Given this information, know that you can probably get a discount on most services, and my particular spa has given up to 60% off on most treatments, especially the ones that have high markup value. If the spa doesn’t want to haggle much on the price, ask for extra free services like a Microdermabrasion package if you purchase a Laser Hair Removal package. If you can’t get a good deal on a particular day, wait a week or a month. There are always new specials going on. Also, try going to the spa towards the end of the month to see if suddenly you can get a better deal. Like a car salesman with a quota, spas also have quotas, and if it’s a slow month, you could get a really good deal!

The Medical Spa may be here today and gone tomorrow
I’ve had customers come into my store. and after hearing about the prices of treatments, say “Ohhhh, I should open a Medical Spa and I’ll be so rich.” What they don’t know is that there are many fly-by-night spas out there, because like most businesses, it’s hard to make money and stay in business! The spa I worked for had bought out a previous company that went bankrupt, and that company had taken over another company before that! All within 3 years! Luckily my spa still honored the packages the customers of the previous spa bought, even though legally they didn’t have to. So before buying a long-term package (like a year’s worth of Laser Hair Removal), research the company and ask how long it’s been in business, and check its rating with the Better Business Bureau.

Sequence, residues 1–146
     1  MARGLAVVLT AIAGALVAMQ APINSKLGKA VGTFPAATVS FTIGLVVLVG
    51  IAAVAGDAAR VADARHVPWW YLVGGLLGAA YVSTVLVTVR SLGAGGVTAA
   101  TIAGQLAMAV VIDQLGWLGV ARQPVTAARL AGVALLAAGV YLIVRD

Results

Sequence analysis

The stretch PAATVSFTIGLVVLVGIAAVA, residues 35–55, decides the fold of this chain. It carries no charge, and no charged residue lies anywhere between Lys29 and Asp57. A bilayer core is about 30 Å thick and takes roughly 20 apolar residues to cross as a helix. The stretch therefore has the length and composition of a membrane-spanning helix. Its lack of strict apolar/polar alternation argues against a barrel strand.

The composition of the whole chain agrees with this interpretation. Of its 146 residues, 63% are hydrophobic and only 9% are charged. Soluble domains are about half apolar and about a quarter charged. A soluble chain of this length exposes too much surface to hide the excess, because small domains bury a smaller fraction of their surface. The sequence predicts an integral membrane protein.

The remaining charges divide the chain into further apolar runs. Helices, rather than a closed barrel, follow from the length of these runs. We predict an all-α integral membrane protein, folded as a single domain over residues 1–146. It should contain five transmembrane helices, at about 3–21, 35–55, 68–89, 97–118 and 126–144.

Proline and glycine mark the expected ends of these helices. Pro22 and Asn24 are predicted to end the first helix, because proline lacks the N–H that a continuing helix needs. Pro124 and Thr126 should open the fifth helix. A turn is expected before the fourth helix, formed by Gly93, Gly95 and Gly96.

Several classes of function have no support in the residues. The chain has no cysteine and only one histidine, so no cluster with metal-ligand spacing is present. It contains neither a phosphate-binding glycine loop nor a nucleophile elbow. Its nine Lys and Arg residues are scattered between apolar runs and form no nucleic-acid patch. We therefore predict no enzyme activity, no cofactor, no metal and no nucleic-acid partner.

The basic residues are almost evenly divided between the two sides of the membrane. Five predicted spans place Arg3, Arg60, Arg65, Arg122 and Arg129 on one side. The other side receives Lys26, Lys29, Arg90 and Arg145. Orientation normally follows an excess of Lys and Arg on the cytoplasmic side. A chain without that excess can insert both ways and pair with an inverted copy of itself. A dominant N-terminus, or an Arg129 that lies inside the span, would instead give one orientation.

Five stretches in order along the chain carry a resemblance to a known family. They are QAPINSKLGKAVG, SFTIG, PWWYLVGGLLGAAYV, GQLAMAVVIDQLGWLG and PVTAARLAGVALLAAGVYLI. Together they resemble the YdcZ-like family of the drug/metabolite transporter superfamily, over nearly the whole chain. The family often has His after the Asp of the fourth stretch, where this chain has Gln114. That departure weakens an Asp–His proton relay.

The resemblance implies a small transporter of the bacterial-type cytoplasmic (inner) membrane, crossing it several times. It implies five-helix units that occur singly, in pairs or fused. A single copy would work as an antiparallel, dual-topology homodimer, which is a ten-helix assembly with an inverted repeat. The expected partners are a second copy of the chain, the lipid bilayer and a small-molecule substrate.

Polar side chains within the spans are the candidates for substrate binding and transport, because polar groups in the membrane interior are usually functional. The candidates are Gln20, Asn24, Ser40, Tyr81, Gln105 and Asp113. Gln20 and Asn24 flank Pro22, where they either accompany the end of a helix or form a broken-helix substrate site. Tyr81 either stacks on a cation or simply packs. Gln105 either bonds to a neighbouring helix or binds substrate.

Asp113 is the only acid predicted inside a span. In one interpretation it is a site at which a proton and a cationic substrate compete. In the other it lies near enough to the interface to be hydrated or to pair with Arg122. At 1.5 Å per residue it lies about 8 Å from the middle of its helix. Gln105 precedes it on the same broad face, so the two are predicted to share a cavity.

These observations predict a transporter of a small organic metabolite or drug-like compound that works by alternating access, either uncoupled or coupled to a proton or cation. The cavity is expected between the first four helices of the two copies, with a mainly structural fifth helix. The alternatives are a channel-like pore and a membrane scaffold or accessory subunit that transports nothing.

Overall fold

Get a money-back guarantee in writing
My spa doesn’t offer refunds. If I was purchasing a $7k full-body hair removal package, I would be more than a little nervous paying that kind of money, with no sort of guarantee or refund policy. First, I would make the purchase on my credit card, because at least you have some protection if the spa goes out of business tomorrow, or if something terrible happens and you need to charge back the purchase. If possible, I would also make monthly payments to the spa, rather than pay in one lump sum, because you won’t be out of as much money if something bad does happen. However, I would also try to find a spa that guarantees their work – if you aren’t happy, you don’t have to pay. If you don’t see the results you were promised, then you should either get another treatment for free, or a refund. Shop around for a spa that offers a guarantee, and get this in writing!

The Estheticians working on you may have a week of training